As award season continues to sweep through the US, actresses, singers, and media celebrities refuse to be silenced. The Golden Globes, which took place in early January, was a night that was awash with black to honor Time’s Up, a movement that aims to speak out against sexual abuse and inequality in the workplace. This movement has since sparked huge discussion about the current sexual misconduct and unequal pay issues occurring in Hollywood and the rest of country, and ever since, more and more women in the media industries have begun to speak out about these issues. However, the people choosing to speak out don’t just come from the media industries; men and women from all across the nation are choosing to speak out about sexual misconduct. Just this past week, over 150 sexual abuse victims told their stories at Larry Nassar’s trial, and the end result: up to 175 years in prison for the man whose cruelty and manipulation hurt so many young men and women. In just January alone, a prominent media push has been made for gender equality in workplaces across the country, but there are still many large steps to be taken. As the Grammy’s approached, many, including myself, began to wonder if these prominent issues of abuse and inequality would be swept under the rug or brought into the light.
And oh, how brought into the light they were. Starting on the red carpet and continuing late into the evening, the “Time’s Up” and #MeToo Movements dominated the majority of the night’s conversations. To pay tribute to the “Time’s Up” movement, many artists including Kesha, Khalid, Nick Jonas, Kelly Clarkson, Pink, Lady Gaga, and Miley Cyrus either wore or carried white roses on the red carpet, symbolizing new beginnings and hope for the future.
White roses were not the only powerful symbol of solidarity at the Grammy’s. Actress and singer Janelle Monae, who among thousands of others signed the “Time’s Up” Letter of Solidarity, gave a passionate speech on behalf of the movement. Monae began her speech, “We come in peace, but we mean business. And to those who try to silence us, we offer you two words — time’s up.” Although the majority of the press around the “Time’s Up” Movement is about the movie industry, Monae emphasized the fact that this sexual abuse and misconduct is a problem in every industry. She concluded her speech with a call to action, reminding all of us that we “have the power to undo the culture that does not serve us well… Let’s work united—men and women.” Monae’s moving speech was followed by a passionate, raw performance dedicated to the #MeToo movement. Kesha was joined on stage by renowned singers, including Andra Day, Julia Michaels, and Cyndi Lauper to perform her nominated song “Praying”, an anthem that screams for empowerment and equality in our world today. The performance embodied the empowerment and unity that the #MeToo movement is based on and reminded viewers and audience members alike that they are not alone in their experiences.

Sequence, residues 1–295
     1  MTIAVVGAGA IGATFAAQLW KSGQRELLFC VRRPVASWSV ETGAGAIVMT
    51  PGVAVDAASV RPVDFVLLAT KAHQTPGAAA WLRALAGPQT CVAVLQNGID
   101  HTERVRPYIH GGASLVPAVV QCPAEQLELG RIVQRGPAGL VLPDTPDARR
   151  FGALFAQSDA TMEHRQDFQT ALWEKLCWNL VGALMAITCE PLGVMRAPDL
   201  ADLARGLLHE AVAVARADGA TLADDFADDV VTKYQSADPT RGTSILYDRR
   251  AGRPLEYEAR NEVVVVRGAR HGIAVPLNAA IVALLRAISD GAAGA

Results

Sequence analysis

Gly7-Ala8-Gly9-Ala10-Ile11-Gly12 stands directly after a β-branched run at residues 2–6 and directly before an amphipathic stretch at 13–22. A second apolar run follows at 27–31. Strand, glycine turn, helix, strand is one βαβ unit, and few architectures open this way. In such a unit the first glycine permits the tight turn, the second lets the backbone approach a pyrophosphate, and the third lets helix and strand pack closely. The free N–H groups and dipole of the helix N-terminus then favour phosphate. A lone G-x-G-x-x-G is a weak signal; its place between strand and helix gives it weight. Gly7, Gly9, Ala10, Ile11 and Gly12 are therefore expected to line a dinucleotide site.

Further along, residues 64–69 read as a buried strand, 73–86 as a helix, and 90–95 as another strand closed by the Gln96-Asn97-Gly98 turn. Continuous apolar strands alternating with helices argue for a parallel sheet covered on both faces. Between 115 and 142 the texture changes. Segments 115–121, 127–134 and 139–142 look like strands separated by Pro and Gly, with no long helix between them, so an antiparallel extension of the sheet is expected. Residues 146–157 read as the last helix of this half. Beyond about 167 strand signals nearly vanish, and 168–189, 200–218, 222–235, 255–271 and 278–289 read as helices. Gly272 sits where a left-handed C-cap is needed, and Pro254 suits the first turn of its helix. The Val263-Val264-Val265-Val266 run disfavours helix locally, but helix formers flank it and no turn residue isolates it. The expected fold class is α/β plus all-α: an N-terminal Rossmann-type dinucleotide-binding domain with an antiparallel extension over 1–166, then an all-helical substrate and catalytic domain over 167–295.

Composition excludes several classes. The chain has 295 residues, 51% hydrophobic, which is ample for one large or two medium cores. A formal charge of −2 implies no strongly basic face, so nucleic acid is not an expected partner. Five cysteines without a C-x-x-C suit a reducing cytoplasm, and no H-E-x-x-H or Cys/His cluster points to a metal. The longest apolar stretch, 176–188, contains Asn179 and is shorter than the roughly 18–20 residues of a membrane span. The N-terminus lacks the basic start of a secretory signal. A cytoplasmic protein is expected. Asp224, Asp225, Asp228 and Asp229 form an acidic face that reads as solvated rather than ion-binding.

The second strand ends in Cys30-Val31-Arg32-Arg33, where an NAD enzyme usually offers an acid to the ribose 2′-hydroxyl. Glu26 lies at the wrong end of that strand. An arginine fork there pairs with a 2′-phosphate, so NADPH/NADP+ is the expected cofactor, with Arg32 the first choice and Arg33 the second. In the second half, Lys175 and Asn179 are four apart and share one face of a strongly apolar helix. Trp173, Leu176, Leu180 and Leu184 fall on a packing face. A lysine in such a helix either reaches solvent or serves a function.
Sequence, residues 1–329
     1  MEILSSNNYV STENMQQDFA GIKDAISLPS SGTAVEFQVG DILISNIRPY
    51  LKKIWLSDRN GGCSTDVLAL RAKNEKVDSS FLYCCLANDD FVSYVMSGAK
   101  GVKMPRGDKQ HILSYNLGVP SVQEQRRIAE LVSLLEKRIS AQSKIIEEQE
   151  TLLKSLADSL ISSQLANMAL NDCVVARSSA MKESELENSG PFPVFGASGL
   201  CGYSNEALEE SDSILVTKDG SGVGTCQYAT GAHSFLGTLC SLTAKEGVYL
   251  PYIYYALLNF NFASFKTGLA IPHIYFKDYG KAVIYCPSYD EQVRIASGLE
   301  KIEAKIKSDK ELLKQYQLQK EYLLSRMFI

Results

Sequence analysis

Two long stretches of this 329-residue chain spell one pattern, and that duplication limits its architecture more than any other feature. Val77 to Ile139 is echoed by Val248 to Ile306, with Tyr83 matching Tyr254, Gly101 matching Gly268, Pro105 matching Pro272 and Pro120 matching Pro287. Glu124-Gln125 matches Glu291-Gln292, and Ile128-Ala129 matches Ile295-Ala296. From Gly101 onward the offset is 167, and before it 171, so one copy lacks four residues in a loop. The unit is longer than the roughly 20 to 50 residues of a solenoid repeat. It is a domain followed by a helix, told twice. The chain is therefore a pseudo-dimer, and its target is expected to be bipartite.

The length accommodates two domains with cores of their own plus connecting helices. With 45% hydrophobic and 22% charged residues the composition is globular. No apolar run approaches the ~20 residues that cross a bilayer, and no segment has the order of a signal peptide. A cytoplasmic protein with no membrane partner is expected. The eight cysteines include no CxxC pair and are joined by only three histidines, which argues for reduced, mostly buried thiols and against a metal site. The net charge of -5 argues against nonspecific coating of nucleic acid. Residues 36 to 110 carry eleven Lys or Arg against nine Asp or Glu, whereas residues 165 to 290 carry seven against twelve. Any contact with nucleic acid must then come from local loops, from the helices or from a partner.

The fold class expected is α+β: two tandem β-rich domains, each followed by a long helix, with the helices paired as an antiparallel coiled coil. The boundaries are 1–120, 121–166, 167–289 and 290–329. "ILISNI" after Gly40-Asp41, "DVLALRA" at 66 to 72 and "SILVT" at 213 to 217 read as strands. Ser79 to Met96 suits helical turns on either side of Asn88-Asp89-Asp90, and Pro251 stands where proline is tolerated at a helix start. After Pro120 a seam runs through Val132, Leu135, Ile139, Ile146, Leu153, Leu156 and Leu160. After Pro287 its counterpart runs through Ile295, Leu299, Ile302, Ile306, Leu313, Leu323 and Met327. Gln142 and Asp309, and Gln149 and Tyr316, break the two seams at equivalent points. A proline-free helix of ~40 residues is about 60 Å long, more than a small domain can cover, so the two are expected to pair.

Performances by Lady Gaga and Pink also paid homage to the “Time’s Up” Movement during the Grammy’s. Pink’s performance, unlike her usual Avante-Garde style entertainment, was a simple, stripped down version of her song “Wild Hearts Can’t Be Broken.” During her performance, she wore a plain white t-shirt in honor of “Time’s Up”. Lady Gaga sang a powerful rendition of her two songs “Joanne” and “Million Reasons” following her call out to the “Time’s Up” movement as well.
Incidents of sexual assault, harassment, and misconduct have been happening, not only in the media industry but in every workplace for decades. Now more than ever, these issues are being called to attention through social media and the news. Although this is just the beginning, artists like Pink, Kesha, Lady Gaga, and Janelle Monae are using platforms such as the Grammy’s this past Sunday to add their influential voices to the thousands who stand in solidarity with the “Time’s Up” and #MeToo Movements. The social change that generations before us have fought to bring to light is finally getting the public attention it deserves, and because of these worldwide movements, everyone can get involved.
If you are interested in joining these empowered men and women in their journey to end this long history of sexual misconduct, harassment, and inequality in the workplace, go to https://www.timesupnow.com/ to join the movement and donate to the legal defense fund for “Time’s Up”. If you wish to support survivors and help to end sexual violence, go to https://metoomvmt.org/ to join the #MeToo Movement. The time for change is now!